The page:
Blackie Blackie Brown (2019), Photographer: Tim Grey
The beginning of Blackie Blackie Brown was five years ago when Nakkiah and I went to see a play about a colonial-era massacre. After the curtain call, we shuffled out with the majority white audience, surrounded by horrified conversations about the past. How brutal government policy was in those long-ago times, how far we’ve come in the time since, how important it was to see stories like this on ‘our’ stages.
Kiah and I went to a bar and started mulling over what we’d just seen. Why was theatre about Indigenous history so dominated by stories of horror and trauma? If the answer is ‘so we don’t forget’—was it possible to foreground resistance and resilience as well as loss, while still representing the horrifying legacy of colonisation in the present?
I went home and fell into bed. But at 2 am I was woken up by my message tone. I looked over to see my phone lighting up with a stream of text messages. Kiah was outlining the story of a piece of theatre we were to make. A ‘live-action comic book’—for the origin story of a young, female, Indigenous superhero. An archaeologist-by-day, who—by night— sets out to avenge the massacre of her tribe, tracking down the descendants of the murderers and picking them off, one by one.
The final text message was the title: Blackie Blackie Brown: The Traditional Owner of Death.
As a queer director obsessed with camp cinema, I found this idea totally electric. Immediately my brain went to the great canon of femme centric revenge films... Foxy Brown, Cleopatra Jones, I Spit on Your Grave, Lady Snowblood (which had itself been lovingly ripped off by Quentin Tarantino for Kill Bill: Volume 1)... I imagined a staging that involved a mash-up of live actors and animation— with car chases, explosions, and all the necessary blood and gore. Finished. Done. We’d be opening it in a year.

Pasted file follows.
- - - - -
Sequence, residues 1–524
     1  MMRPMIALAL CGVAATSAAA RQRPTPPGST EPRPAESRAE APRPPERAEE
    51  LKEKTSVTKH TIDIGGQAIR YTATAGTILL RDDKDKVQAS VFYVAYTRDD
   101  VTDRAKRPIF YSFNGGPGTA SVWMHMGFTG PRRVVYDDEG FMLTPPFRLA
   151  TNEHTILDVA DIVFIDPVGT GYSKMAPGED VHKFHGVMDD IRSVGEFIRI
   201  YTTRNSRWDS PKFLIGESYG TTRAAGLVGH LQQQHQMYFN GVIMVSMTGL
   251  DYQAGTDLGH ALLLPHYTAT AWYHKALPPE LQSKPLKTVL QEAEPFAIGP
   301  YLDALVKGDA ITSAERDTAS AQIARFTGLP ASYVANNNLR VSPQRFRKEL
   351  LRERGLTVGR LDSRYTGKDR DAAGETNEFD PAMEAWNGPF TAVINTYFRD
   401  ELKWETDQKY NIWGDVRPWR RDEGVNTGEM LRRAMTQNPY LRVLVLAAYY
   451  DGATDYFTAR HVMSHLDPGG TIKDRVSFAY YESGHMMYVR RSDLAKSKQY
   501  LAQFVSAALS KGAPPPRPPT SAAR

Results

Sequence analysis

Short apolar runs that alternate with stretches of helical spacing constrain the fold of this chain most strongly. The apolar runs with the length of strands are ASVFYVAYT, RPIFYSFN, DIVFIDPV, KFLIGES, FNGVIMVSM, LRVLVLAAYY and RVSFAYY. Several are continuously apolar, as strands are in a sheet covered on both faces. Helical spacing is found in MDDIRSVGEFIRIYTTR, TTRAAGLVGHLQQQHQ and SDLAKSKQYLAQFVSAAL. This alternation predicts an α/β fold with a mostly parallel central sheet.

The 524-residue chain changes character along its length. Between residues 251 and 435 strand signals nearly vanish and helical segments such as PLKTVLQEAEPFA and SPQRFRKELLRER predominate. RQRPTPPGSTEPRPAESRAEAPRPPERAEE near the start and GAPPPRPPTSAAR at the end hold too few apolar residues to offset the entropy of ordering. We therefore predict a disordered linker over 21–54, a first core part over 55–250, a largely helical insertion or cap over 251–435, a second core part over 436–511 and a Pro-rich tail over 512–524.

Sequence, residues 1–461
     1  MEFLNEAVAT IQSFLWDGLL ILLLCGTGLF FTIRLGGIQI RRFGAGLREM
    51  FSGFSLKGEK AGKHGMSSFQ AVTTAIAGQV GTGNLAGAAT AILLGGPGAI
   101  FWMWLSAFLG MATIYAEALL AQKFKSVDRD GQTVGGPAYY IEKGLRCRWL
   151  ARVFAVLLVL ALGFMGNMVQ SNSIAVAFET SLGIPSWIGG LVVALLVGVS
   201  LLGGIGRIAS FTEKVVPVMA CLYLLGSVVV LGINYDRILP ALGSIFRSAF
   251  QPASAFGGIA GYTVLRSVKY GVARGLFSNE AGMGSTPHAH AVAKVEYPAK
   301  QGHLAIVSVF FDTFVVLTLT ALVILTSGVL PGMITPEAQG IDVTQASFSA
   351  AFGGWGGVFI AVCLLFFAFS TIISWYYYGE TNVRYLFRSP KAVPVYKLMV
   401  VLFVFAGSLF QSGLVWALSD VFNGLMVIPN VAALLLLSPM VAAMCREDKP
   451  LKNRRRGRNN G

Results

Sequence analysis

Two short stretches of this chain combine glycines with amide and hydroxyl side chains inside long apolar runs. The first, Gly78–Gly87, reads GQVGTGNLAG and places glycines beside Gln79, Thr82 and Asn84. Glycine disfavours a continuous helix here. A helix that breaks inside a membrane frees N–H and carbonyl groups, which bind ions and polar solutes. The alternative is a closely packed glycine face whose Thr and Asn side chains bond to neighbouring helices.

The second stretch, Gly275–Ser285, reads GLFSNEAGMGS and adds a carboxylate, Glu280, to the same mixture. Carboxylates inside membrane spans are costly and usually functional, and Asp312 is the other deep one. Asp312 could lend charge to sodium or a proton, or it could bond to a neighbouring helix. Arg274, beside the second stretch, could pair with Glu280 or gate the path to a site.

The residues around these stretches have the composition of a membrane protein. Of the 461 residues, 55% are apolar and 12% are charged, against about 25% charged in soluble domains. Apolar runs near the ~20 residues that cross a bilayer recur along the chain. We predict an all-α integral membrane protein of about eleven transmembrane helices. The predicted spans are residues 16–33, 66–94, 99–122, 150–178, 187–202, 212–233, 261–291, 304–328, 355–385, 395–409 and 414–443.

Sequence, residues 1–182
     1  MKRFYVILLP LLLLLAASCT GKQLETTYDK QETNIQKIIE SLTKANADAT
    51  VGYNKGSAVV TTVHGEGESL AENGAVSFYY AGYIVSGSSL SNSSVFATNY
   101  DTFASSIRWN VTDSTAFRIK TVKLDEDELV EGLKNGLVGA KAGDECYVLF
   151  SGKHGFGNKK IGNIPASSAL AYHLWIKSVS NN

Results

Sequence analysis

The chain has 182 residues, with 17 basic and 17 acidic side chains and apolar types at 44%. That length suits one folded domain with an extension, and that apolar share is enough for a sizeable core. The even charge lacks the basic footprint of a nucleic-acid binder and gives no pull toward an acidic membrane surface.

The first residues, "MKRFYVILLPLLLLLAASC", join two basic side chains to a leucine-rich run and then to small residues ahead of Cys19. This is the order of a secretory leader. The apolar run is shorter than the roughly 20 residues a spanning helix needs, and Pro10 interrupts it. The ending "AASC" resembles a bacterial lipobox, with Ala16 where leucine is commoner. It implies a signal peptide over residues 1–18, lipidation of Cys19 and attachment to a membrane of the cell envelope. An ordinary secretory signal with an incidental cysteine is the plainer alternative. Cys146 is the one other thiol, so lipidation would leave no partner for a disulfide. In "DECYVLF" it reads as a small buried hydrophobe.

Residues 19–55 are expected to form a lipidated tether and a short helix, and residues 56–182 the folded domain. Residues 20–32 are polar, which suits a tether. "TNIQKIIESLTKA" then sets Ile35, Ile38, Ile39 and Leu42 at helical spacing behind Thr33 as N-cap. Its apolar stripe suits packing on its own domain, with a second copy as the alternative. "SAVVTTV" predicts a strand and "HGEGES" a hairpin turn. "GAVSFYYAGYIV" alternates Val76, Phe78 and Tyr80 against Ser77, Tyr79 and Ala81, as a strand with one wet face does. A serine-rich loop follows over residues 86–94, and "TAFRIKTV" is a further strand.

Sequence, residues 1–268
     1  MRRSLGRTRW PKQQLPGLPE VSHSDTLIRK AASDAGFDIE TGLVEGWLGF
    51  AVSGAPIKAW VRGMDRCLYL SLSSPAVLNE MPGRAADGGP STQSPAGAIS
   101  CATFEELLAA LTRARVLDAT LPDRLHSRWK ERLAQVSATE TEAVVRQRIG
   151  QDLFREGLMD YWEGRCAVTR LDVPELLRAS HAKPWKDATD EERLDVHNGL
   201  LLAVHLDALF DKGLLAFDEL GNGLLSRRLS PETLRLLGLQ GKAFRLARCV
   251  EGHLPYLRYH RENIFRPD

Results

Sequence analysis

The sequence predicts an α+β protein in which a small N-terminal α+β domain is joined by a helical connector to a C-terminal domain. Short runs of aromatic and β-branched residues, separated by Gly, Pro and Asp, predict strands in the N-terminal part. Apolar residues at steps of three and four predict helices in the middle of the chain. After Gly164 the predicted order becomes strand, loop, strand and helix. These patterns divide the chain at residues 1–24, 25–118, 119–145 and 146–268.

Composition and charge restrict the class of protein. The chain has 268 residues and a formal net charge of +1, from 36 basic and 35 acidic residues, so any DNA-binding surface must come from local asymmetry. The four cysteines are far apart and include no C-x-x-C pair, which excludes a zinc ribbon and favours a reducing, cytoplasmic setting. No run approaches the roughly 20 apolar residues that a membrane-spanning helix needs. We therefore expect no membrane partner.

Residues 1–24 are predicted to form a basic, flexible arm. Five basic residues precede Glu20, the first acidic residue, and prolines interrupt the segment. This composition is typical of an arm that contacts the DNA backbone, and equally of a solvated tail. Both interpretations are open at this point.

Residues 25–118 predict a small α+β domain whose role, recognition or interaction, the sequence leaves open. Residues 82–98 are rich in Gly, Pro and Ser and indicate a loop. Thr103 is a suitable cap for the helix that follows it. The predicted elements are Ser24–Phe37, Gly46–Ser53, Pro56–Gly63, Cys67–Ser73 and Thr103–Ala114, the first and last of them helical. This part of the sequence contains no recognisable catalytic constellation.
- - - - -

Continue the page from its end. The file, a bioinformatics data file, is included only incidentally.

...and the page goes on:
Four years later the play was still in development—aided by Elaine Crombie as the original ‘BBB’ and the indomitable Ash Flanders. Incredibly, in all this time, the premise remained the same as Kiah outlined it in those text messages—even as her ambitions for the work grew and grew. Our discussion had begun with questions about the staging of history, but now Kiah was asking many, many new ones... Does reconciliation mean anything without reparation? Why are there so few powerful First Nations figures given representation in pop culture? What does the utopia of a fully decolonised Australia look like, feel like? Despite my gentle insistence that ‘we can’t do everything in the one play’, it’s a testament to Kiah’s skill as both a dramatist and satirist that over those four years she wove all these difficult questions into a streamlined narrative that is also funny and, ultimately, moving.
Before Blackie Blackie Brown even opened last year, it managed to piss off quite a few people... Newscorp journalists, online trolls, people within the theatre industry—who decried the play as incendiary, ‘reverse-racist’, detrimental to the unification of black and white Australia.
But if any of these people had ever sat in one of our joyous, laughing, fist-pumping audiences, they’d have seen that Blackie Blackie Brown quickly negates its own spectacular howl for revenge. And while it represents horrifying trauma—much like that play we saw five years ago—it doesn’t simply end there, in pathos. Instead, Kiah makes a vital plea for the collectivisation of oppressed minority groups—and then sets about the seemingly impossible task of squeezing hope, optimism, and a dream of utopia from the festering violence of history.